In March, across the board cuts throughout the federal government known as sequestration hit every single national park unit in the system. Now, with Memorial Day weekend signaling summer vacation season, a congressional report looks at the damage.
At issues is what was expected: services cut risk tourism appeal thus affecting jobs and the local economy in surrounding communities. From the Grand Tetons to Great Smokey National Park, campgrounds are closed or will open later in the season. In the Grand Canyon, reduction in visitor center hours is estimated to affect a half million visitors. At Cape Cod National Seashore, some 49,000 people will not be able to do programs like guided walks.
A wildfire that broke out Tuesday near the popular tourist destination of Scotty's Castle in Death Valley National Park has been contained, and the damage is less extensive than had been feared, but the castle and its immediate evirons will stay closed until everything's back to normal. That's according to a Thursday update from the National Park Service.
A fire of unknown cause is burning near the historic Scotty's Castle in Death Valley National Park, and part of the park near the castle has been closed to visitors while crews try to get the fire under control, hopefully by the end of the week.
The fire, which was sparked around 4:00 P.M. Tuesday, is burning in an area of heavy brush in a canyon north of the Castle in the Grapevine Mountains.
With the 24,000-acre Springs Fire fully controlled, officials in the Santa Monica Mountains are beginning restoration, making sure habitat and recreational opportunities get back to normal. On Friday, volunteers will take to Rancho Sierra Vista, removing tracks made by fire trucks so hikers don't mistake them for official trails and trample on sensitive soils and habitat. Then on Saturday, they will remove jointed goatgrass, a highly invasive weed abut the burn area that could now easily take hold in the burn area.
Miles of pathways throughout the Santa Monica Mountains will reopen after full control of a wildfire that ripped through 24,000 acres earlier this month. The National Park Service said Circle X Ranch and parts of Rancho Sierra Vista will be open to hiking beginning Tuesday morning.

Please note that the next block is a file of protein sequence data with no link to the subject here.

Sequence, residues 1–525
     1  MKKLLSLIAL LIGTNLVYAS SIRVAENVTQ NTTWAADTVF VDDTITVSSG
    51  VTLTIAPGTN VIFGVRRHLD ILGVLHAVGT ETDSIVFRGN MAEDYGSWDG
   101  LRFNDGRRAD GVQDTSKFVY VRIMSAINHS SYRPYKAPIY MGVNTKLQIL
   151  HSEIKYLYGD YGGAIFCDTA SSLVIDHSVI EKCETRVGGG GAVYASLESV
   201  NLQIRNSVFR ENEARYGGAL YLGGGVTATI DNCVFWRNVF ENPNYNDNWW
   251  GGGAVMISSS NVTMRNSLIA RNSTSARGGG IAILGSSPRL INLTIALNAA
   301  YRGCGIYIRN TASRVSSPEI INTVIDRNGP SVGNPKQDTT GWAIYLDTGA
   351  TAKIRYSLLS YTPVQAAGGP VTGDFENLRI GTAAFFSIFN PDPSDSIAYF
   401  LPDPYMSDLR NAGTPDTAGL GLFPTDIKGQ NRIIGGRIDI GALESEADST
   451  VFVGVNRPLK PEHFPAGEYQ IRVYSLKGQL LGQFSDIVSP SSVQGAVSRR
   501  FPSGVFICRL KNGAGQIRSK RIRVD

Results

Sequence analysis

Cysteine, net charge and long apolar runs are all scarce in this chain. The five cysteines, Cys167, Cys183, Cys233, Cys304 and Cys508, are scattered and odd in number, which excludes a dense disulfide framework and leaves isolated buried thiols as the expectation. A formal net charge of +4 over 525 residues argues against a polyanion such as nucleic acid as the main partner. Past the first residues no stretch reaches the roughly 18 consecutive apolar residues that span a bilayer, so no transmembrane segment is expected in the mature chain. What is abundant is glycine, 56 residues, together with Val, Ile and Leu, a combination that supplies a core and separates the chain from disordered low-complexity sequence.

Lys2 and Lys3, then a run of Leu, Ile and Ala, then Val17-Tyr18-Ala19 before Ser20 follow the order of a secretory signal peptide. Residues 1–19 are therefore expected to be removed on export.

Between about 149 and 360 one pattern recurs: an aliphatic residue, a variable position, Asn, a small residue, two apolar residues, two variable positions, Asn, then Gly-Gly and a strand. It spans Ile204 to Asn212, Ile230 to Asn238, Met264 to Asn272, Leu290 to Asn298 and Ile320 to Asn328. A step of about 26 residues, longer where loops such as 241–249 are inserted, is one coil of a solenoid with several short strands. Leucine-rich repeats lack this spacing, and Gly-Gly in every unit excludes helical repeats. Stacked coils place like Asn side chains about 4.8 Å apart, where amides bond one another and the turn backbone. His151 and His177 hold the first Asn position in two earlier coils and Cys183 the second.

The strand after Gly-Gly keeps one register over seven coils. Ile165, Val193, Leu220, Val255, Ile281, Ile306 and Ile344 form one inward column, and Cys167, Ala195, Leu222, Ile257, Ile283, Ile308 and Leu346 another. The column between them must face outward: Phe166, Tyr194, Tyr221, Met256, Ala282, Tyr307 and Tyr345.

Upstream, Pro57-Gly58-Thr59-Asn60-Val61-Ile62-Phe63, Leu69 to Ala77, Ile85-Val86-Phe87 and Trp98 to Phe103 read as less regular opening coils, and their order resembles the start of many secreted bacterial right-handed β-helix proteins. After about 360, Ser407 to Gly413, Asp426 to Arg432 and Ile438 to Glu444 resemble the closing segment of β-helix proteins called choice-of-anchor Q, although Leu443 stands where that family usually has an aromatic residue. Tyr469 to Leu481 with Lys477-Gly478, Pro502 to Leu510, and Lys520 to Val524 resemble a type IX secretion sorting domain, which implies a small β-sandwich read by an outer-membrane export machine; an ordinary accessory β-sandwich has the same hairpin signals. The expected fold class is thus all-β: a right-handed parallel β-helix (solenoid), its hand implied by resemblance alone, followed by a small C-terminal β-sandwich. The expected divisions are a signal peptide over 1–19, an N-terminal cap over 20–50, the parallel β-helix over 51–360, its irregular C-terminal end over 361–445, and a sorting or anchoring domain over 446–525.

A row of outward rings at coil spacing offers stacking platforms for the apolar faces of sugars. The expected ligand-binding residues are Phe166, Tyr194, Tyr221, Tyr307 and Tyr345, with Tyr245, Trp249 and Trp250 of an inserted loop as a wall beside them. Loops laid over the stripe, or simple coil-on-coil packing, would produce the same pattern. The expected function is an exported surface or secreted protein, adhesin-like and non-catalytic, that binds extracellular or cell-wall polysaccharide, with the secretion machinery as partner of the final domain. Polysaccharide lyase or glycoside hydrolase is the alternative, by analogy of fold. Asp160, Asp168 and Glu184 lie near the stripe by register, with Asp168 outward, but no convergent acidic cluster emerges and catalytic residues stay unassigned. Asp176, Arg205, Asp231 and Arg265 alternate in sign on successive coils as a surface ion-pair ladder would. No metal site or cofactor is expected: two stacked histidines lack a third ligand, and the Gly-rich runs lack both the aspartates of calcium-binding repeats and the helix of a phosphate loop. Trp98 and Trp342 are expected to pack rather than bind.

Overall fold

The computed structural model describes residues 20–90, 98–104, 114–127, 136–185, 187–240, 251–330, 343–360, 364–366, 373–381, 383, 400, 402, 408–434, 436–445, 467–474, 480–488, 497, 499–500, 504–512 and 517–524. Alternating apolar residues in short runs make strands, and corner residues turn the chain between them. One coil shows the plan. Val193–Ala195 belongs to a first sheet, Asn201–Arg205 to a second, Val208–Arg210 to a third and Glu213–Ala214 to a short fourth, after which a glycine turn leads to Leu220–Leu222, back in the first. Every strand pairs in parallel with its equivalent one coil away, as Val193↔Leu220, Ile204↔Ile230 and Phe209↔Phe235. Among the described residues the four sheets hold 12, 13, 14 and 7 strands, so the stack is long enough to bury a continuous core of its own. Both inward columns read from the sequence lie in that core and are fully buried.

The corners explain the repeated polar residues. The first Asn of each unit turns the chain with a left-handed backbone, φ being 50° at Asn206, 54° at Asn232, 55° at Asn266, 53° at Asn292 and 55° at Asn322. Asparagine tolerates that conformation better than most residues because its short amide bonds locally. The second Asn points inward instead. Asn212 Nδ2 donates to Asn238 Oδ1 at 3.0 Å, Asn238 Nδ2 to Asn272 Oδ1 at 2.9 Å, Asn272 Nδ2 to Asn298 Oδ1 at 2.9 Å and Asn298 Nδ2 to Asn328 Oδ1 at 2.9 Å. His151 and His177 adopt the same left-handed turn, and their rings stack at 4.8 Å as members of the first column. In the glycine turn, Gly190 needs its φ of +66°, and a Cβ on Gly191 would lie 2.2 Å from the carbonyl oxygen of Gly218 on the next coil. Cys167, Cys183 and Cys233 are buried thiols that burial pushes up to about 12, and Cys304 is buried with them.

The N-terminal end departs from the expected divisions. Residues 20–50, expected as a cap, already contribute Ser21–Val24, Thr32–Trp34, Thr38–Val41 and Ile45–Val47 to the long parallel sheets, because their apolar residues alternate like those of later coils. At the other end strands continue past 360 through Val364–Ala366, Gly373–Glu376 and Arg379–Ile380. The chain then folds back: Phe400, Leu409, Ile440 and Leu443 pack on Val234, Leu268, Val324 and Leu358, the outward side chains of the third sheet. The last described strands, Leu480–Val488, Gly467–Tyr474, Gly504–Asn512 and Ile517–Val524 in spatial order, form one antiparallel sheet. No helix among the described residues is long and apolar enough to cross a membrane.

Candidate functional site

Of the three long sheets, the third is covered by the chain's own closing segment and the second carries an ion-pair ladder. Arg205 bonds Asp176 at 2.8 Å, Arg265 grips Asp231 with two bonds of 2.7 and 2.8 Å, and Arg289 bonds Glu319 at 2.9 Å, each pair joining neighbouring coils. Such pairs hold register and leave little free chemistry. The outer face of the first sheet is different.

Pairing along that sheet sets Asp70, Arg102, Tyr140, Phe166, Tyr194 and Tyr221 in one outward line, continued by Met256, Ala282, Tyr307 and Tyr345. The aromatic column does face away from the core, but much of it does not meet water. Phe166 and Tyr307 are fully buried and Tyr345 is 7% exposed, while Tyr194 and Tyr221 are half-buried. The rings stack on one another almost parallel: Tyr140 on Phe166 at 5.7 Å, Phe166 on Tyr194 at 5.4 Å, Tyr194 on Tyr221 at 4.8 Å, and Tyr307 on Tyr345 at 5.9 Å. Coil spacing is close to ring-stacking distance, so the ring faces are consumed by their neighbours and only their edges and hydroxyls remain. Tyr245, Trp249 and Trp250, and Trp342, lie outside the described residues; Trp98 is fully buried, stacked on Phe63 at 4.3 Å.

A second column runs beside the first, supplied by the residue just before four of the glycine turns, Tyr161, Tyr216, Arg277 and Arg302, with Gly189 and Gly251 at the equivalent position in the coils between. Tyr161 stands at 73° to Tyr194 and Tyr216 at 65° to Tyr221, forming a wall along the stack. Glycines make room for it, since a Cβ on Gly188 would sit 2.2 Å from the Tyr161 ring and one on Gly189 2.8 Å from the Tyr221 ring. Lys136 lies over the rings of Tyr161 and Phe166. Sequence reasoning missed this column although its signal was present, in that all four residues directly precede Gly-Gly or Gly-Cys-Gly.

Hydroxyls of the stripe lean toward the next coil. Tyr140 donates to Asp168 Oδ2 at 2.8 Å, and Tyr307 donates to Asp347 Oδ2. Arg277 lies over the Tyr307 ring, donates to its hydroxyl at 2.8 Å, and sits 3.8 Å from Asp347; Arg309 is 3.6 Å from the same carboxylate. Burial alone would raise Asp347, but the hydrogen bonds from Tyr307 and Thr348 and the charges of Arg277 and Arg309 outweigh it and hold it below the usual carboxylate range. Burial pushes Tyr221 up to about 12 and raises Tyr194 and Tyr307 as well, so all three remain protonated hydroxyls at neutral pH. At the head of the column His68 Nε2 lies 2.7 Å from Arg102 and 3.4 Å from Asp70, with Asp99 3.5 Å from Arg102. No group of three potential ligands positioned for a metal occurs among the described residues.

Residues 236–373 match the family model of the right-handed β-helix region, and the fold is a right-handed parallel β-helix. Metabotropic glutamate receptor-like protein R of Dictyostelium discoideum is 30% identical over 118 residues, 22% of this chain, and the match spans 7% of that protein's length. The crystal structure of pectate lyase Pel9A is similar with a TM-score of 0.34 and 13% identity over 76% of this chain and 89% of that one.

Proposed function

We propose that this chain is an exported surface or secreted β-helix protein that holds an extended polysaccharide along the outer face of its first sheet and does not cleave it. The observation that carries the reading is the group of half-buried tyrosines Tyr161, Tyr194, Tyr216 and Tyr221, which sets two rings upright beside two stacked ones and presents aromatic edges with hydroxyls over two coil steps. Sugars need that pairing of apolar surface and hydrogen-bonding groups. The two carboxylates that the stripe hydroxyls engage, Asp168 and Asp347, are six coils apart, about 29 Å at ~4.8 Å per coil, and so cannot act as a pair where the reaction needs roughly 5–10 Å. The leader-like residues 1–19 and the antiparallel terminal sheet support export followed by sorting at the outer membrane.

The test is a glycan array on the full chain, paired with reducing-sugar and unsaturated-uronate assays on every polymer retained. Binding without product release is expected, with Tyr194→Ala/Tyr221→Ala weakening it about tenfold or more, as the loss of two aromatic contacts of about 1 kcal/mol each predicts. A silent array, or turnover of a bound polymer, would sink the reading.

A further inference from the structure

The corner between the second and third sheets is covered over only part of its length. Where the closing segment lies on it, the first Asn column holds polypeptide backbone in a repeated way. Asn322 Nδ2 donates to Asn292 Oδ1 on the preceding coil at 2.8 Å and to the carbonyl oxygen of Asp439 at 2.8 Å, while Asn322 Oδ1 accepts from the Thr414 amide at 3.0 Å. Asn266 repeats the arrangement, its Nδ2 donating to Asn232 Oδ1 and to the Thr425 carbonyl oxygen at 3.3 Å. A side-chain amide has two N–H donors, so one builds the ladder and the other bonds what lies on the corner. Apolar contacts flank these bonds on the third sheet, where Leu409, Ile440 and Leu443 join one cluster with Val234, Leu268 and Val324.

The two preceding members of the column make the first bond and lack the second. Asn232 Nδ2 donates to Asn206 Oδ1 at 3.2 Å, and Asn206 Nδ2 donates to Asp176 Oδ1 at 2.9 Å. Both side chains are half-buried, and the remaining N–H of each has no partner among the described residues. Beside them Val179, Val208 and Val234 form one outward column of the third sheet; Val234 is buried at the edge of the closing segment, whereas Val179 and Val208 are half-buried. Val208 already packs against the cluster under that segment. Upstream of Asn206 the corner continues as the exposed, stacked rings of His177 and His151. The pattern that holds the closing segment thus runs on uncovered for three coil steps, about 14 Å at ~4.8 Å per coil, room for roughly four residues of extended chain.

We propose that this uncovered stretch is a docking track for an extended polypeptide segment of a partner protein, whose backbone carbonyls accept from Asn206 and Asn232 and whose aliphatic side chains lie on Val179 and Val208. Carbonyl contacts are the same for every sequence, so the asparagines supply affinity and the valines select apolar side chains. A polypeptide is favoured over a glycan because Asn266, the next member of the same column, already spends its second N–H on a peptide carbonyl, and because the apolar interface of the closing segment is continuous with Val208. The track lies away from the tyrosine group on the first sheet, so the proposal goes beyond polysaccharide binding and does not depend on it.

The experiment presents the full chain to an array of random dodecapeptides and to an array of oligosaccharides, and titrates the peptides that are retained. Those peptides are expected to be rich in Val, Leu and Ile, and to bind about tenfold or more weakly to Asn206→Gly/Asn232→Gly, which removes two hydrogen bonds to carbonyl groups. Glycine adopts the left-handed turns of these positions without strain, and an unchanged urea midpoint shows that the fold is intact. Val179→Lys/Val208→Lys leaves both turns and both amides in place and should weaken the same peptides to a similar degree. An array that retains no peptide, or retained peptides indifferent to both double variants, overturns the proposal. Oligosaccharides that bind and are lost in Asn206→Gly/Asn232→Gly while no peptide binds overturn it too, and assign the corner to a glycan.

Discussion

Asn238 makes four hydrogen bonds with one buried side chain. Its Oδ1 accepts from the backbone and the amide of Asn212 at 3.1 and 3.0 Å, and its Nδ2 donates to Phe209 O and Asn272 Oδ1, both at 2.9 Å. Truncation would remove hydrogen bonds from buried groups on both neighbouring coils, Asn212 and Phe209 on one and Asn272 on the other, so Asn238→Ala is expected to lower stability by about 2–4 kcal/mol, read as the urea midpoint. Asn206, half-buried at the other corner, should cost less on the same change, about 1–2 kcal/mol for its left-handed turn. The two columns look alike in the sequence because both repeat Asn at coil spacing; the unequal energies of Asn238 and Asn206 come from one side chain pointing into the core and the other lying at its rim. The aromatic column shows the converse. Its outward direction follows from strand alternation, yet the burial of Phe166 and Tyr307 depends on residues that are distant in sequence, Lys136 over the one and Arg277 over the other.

Trails west of Yerba Buena Road like Mishe Mokwa to the top of Sandstone Peak in Circle X were not touched by the Springs Fire, but were closed as a precaution shortly after it ignited May 2. They, including the Backbone Trail to the Point Mugu State Park boundary, will reopen without restrictions.
But that's not the case for all of them.
A mountain lion was killed by state officials last night after it attacked an off-duty ranger in Redwood National and State Parks. The ranger, accompanied by his dog, was fishing around sunset at Crescent Beach. At some point, he noticed the canine being chased by a mountain lion. It then began to approach.
This year's early and intense fire season made an unfortunate visit to the Santa Monica Mountains last week, charring 24,000 acres, mostly in parks. Although the Springs Fire is nearly contained, it will be longer until open spaces and trails begin to open.
Much of the public outreach to the National Park Service and California State Parks has been to ask how they can help the 14,000 acres of burned parkland. To that, the two agencies this week announced a list of "three things you can do to help nature recover."
No big announcement was made, but the paved road in the White Mountains to Schulman Grove, along with the unpaved section leading beyond to the turnoff for Patriarch Grove is now open. Those are the two main groves for taking in the Ancient Bristlecone Pine Forest, home to some of the most gnarled and photogenic trees you may ever see. If that's not impressive enough, it's also where the oldest known tree in the world can be found, along with many of its elderly brethren.
White Mountain Road closes seasonally for winter, but as the story has been throughout this spring, California mountain arteries that traditionally see a May or June opening had their gates unlocked early. John Louth, who manages the 29,000-acre pine forest calls it an "exceptionally early" opening.
With the two groves accessible and the visitor center at Schulman Grove opening May 18, here's what you need to know:
San Bernardino County public health officials want to talk to a man who had a bat land on his neck at the Kelso Depot visitor center in the Mojave Preserve on April 30. The bat has since tested positive for rabies, and health officials are trying to locate the man to make sure he gets appropriate medical attention.
This is urban hiking at its best: two days, 35 miles, 15 Los Angeles neighborhoods, some 80 public staircases, more than two dozen parks, and -- most importantly -- making new connections and friends. Yes, it's that time of the year to carve our some weekend time for The Big Parade.
Now in its fifth year, the event that has helped popularize L.A.'s network of public staircases leftover from an era when streetcars outnumbered plain ol' cars comes back for two days on May 18 and 19.